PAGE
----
Flamenco choreographer deconstructs dance tradition

Karen Lugo plays with the elements at Vancouver International Flamenco Festival

25th Anniversary edition of the Vancouver International Flamenco Festival, Sept. 11 – 24, various venues. For more information visit vancouverflamencofestival.org.

North Shore native Melanie Meyers is choreographing a busy Tuesday – corralling two kids aged seven and two at Science World, keeping on top of duties as a full-time instructional designer at the Justice Institute of B.C., and gearing up for performances in this month’s Vancouver International Flamenco Festival (VIFF), which kicks off Monday.

Her kids duly distracted with some hands-on exploration, Meyers finds a quiet corner to talk to the North Shore News about a pursuit that has captivated her since she was a child: Flamenco.

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“The dynamic part of it resonated with me,” Meyers says, “the passion and performance.”

Flamenco is an ancient Spanish art form forged in the diversity of Andalusia and influenced by Greek, Roman, Persian, Gypsy, Latin American, Cuban, Indian and Jewish cultures.

Made up of several key components – toque (guitar playing), cante (singing), baile (dancing), palmas (clapping), pitos (finger snapping) and compás (rhythm) – flamenco is a free-flowing form of dance that is widely open to interpretation. No two dances are ever the same.

“All elements play off each other, from the song, to the guitar, to the dancing,” says Meyers.

Her introduction to flamenco occurred in its birthplace, Spain, when her parents moved there from North Vancouver for work when she was three.

“I took Spanish dance lessons as a small child,” says Meyers, 42, who also built a foundation with ballet and jazz.

Flamenco was introduced to Meyers’ repertoire when she was about 12 years old. She was hooked.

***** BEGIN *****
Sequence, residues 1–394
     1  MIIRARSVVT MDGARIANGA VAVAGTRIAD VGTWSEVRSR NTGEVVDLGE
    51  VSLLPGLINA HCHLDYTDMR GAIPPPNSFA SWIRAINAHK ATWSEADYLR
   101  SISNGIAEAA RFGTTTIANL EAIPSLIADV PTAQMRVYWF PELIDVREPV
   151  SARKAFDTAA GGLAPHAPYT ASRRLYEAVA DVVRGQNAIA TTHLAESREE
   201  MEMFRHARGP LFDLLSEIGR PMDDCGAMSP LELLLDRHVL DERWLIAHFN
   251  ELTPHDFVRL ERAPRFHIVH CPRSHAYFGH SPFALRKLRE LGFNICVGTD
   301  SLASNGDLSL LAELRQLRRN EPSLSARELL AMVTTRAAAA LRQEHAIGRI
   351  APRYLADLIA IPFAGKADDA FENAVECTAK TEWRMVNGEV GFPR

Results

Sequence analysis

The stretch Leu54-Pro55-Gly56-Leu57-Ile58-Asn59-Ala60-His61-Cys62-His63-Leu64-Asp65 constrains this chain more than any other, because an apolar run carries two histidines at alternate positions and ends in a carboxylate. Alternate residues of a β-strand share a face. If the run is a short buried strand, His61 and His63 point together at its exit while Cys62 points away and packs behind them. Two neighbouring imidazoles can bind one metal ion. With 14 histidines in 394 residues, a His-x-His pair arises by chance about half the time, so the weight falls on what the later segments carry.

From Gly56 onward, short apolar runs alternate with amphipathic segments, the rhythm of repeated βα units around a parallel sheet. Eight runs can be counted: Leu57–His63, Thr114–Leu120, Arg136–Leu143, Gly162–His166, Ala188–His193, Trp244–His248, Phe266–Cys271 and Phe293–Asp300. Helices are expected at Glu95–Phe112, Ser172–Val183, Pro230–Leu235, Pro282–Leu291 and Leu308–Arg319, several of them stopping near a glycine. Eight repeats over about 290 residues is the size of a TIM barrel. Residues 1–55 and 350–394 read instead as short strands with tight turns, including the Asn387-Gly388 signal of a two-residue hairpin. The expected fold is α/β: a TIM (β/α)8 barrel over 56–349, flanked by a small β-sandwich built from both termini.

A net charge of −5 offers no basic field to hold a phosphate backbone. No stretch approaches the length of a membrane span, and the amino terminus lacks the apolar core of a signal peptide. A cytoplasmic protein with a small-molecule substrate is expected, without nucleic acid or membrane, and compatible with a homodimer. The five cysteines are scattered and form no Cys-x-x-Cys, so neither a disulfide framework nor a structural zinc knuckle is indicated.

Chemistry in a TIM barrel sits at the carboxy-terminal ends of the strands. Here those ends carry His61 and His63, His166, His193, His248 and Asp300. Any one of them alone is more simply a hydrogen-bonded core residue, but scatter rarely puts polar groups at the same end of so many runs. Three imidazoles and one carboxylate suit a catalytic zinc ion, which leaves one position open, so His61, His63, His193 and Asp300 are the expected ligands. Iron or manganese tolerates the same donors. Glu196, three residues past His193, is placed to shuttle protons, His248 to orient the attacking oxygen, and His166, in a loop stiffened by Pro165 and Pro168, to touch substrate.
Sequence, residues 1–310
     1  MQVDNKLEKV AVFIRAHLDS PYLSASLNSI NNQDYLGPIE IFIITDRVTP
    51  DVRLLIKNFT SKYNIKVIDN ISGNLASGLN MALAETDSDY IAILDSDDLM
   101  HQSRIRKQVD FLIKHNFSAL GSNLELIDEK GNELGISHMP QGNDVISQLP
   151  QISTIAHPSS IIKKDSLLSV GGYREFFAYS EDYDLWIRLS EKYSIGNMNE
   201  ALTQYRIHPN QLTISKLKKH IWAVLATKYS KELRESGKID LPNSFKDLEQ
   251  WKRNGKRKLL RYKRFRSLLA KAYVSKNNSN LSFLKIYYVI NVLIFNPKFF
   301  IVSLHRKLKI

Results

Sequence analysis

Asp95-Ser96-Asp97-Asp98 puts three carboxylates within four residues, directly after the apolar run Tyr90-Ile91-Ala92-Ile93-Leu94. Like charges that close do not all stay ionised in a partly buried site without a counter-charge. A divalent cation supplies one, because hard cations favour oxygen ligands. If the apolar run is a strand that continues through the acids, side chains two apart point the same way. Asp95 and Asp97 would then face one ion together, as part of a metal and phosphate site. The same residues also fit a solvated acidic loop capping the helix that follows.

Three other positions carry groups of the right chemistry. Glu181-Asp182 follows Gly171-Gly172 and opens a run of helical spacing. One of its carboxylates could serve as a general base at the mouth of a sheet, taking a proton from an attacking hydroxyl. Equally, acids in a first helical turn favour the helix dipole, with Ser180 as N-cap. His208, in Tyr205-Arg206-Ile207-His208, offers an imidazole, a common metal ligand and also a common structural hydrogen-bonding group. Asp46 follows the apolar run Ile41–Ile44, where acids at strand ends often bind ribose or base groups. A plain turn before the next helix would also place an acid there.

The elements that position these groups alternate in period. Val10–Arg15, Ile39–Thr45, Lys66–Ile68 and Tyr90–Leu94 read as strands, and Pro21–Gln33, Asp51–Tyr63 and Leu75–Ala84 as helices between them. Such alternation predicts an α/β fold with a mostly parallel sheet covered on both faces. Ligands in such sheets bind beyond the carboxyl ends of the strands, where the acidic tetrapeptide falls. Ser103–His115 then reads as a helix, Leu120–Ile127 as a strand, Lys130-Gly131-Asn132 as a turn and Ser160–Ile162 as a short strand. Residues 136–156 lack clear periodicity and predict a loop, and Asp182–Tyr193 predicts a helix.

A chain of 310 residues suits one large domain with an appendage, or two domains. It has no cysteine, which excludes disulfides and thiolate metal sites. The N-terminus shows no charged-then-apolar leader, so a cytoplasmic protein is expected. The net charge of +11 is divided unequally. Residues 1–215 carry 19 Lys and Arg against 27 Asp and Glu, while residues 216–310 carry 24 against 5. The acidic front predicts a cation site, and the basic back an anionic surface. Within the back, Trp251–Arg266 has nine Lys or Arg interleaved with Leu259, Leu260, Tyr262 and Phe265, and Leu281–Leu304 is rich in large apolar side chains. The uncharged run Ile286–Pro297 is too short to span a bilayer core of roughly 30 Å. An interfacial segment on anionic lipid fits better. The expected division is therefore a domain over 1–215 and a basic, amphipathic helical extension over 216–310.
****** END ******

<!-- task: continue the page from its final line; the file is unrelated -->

When she returned to the North Shore for high school, and later, university, the Carson Graham grad studied under Rosario Ancer and her husband Victor Kolstee of Vancouver dance school Centro Flamenco, where she now teaches.

“I started (studying) with Rosario when I was 14 years old. She’s always been my mentor,” says Meyers, who has also danced, studied and taught in Montreal, London, New York, Madrid, Seville and Jerez.

Ancer is the founder and artistic director of the VIFF, now in its 27th year, which runs Sept. 11 to 24 at various venues.

She promises a “fiery line-up of some of the most innovative and revered flamenco artists of our time.”

In addition to headliner Fuensanta “La Moneta” (Sept. 23), Ancer’s Flamenco Rosario dance troupe will be performing (Sept. 22).

The festival will also feature Canadian flamenco artist Christina Tremblay (Sept. 20) from Quebec – “a fabulous dancer,” Meyers says.

Also on the bill is Karen Lugo, a flamenco dancer and choreographer who hails from Guadalajara, Mexico and is producing five pieces for the festival – three on her own and two in partnership with Flamenco Rosario.

In keeping with Ancer’s theme for this year’s VIFF of “deconstructing the art form and challenging the way we perceive flamenco,” Lugo is known for her fusion style and unique movements.

“I call it weird modern,” she says laughing during a phone interview from Tulum, Mexico, where she is putting the final touches on her choreographies for the VIFF. “I appeal to different tastes. When people think of flamenco, they think of clapping and castanets. But it’s evolving a lot.”

The 30-year-old is classically trained in ballet, but also brings the precision of martial arts and curiosity about other cultures to her work.

“Flamenco is a nice balance of soul and structure,” she says.

Lugo’s performances are a blend of precision and passion, with movements at times angular or flowing, and filled with telling trademarks, such as an sharply arched back or pronounced eye movements.

“The hands, they tell stories,” she says of her Indian influence.

During any given performance, Lugo says she draws inspiration “from everything, from the energy in the room, from life itself.”

When Lugo dances, “I try to be a channel, I try to be an instrument,” she says.

Like Meyers, Lugo was introduced to flamenco at Spanish school at a young age. When renowned dancer Jose Maya stopped in to teach, a spark was ignited.

“When I saw him it was like, ‘wow!’ It was a completely different world,” Lugo recalls.